London Office Space in Strong Demand

Demand For Office Space In London

London is a premium office market at a global level, and as such, demand for office space in the British capital is always on the rise. Demand for office space in London is evenly distributed across three sub-market categories:

Established markets are in centrally located areas, like the City of London, London Bridge, Canary Wharf, Tech City/ Shoreditch, Aldgate, and Clerkenwell. In the West End, in-demand sub-markets include Westminster, Paddington, St James, and Mayfair. Other more recently established office markets are King’s Cross and Southbank.

Up-and-coming or emerging office sub-markets are mainly located in South and East London. In South London, demand is stronger in Battersea, Vauxhall, Nine Elms and the Greenwich Peninsula, where many new high-spec offices are being built alongside residential buildings.

In East London, demand is high for emerging locations like Stratford, Dalston, and much of Hackney, which is undergoing several regeneration projects that include office space for creative enterprises. Also in East London, Whitechapel is rising as a new tech and media hotspot since many office tenants based or looking for space in nearby Shoreditch are pushed out by rising rents, and are therefore likely to see alternative opportunities here.

Future markets are expected to add 7.5 million square feet of office space to the city’s inventory by 2036. These include Tottenham and Meridian Water in North London; Cricklewood and Old Oak Common in West London; and Wood Wharf, Royal Docks, Canada Water, and Deptford in South London.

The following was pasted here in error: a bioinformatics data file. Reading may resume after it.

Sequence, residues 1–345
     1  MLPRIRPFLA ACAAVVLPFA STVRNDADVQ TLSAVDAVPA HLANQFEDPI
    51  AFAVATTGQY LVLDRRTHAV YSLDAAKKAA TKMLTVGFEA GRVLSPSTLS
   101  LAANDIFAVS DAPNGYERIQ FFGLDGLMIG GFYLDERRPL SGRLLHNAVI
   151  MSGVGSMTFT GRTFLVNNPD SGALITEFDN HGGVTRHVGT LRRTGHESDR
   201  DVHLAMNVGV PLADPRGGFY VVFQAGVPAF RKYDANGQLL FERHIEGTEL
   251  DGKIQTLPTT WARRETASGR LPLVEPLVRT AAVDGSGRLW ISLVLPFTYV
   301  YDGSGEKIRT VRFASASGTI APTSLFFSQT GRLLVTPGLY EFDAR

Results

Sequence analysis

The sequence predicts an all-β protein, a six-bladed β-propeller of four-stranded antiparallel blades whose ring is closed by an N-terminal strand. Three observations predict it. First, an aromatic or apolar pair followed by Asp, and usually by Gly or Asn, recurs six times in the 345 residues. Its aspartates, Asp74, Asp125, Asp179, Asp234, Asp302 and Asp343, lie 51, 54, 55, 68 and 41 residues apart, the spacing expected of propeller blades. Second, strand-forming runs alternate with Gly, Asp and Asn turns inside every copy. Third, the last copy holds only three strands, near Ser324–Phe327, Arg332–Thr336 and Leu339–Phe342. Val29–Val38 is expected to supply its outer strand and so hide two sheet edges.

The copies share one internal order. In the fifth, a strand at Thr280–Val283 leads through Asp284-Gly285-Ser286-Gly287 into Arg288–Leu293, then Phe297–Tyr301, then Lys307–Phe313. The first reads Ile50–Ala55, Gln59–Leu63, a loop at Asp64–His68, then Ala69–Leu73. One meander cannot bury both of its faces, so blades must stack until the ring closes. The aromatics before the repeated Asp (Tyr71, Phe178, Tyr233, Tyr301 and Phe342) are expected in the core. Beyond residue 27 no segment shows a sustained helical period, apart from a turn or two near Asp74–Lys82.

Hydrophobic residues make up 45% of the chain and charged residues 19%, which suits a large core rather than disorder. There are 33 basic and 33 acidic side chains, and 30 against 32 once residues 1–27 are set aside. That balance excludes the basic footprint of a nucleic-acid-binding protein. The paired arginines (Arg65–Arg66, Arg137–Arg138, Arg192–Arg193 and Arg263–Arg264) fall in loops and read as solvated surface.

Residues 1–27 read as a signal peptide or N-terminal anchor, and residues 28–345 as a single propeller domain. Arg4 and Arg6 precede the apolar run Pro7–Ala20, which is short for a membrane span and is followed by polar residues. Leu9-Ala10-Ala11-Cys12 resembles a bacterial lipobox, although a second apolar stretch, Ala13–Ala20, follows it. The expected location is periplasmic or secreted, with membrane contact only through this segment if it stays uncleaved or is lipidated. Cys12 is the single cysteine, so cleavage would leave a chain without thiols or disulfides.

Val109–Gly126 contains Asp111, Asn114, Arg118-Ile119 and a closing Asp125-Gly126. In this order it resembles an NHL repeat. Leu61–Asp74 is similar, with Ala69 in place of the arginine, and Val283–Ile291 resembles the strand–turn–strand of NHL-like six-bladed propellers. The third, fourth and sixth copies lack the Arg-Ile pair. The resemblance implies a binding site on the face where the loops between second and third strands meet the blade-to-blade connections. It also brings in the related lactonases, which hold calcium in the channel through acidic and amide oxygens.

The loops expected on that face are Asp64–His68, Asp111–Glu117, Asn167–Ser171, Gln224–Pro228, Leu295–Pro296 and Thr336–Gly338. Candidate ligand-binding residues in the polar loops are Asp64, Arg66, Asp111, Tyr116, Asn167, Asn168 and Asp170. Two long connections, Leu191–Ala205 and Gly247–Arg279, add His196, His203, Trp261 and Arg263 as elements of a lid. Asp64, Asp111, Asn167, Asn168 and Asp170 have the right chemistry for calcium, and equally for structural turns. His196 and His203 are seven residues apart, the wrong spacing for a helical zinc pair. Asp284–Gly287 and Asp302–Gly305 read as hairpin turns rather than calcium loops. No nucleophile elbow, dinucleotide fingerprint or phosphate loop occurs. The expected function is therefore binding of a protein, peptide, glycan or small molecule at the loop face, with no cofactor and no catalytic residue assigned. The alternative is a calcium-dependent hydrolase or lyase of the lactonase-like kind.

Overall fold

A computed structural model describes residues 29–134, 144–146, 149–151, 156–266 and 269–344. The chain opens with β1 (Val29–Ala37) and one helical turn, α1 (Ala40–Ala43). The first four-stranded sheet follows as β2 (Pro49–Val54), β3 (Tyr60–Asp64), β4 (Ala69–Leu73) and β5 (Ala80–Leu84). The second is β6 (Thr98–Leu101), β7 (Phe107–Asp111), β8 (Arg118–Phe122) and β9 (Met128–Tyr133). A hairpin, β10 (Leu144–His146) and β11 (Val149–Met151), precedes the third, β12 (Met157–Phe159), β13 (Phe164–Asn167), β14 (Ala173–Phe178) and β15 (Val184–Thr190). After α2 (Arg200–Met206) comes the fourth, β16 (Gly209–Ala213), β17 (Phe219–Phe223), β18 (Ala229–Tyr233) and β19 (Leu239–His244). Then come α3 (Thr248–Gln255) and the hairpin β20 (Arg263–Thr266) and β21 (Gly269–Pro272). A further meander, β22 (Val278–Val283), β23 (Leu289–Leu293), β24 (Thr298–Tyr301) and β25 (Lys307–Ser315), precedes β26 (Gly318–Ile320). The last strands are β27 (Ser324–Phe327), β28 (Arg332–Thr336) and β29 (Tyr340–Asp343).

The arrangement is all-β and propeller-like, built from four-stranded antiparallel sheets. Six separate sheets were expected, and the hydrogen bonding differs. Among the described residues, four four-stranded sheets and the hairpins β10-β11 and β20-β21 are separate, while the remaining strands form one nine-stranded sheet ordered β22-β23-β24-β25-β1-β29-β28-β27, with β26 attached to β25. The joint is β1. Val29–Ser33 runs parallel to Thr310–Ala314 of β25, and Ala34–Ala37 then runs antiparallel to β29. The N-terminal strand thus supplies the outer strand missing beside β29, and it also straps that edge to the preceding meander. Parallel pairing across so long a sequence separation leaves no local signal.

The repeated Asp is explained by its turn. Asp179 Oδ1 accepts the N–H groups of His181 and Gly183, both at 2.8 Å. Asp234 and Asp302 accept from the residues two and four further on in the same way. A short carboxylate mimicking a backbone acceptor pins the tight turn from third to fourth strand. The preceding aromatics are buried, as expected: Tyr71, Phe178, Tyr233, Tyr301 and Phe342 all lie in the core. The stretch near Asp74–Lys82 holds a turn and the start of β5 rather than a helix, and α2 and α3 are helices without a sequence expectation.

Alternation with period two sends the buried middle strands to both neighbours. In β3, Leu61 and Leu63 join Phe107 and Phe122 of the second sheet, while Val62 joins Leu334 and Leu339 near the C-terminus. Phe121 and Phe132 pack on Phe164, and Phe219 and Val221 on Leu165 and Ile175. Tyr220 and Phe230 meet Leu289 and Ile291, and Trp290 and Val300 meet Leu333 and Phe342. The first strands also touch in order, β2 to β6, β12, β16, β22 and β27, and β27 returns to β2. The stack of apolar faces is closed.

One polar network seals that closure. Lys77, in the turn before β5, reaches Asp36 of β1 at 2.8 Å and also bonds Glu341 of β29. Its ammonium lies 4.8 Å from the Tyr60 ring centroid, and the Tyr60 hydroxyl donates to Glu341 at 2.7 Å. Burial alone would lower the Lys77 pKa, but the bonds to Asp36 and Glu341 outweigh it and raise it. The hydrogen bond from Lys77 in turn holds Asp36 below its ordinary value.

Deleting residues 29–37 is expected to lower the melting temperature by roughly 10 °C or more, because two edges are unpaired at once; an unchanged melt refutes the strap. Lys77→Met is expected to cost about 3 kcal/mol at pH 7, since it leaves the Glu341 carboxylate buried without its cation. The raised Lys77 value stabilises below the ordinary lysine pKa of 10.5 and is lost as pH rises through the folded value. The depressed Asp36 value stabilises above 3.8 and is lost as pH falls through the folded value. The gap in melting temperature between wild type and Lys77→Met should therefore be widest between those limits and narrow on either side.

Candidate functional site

The most recent vacancy rates across London stand at 5 per cent, among the lowest of all European markets. The general trend is towards shortage, especially when it comes to newly built and Grade A space, but the opposite is true of existing or refurbished offices (Grades B and C). In early 2019, availability for newly built offices was at its lowest in almost two decades. Demand is also constant for new office space in emerging markets, where currently there are 98 new sites under development.

Types Of Office Space

Demand for conventional office space has been the main driver of the market for decades, but alternative forms of space are changing this trend. Serviced office space was the first contender to traditional offices and started the transition towards flexible space models, a market that is now dominated by coworking spaces.

Incubators and accelerators are also in high demand, and are growing at a faster rate in London than in any other European city. These are considered temporary office space that offers variety of choice not only in terms of location but also in terms of industry focus. The growth of flexible office space has also led to what has been called the space race: the intense competition for unconventional spaces that lend themselves to being turned into creative office space on a part-time basis, including hotels, restaurants, and libraries.

Who Are The Occupiers?

In 2019, TMT, finance, and serviced office operators were the strongest sources of demand for new builds, driving the vast majority of pre-let transactions. Coworking operators are gaining centre stage too, becoming the largest occupier where take up levels are concerned. WeWork is currently the single largest occupier in London, with more than 2.5 million square feet. Next in the list are tech and financial or banking corporations, like Facebook, Google, Apple, and Deutsche Bank.

The dominance of coworking is set to deepen given the current trend towards downsizing and the increased expectation of amenity-rich spaces. Space-as-a-service is likely to become the standard in trend-setting office markets like London, and many landlords are already making a flexible space provision in traditional office buildings.

Looking ahead, occupiers involved in next-wave technology (artificial intelligence, robotics, and automation) are expected to drive demand more than any other sector, not only directly but also by requiring the support of specialised business service firms, like those in FinTech, Insurtech, or LegalTech. This may shape the future of demand for office space in London, which will most likely be led by this type of hybrid industries.



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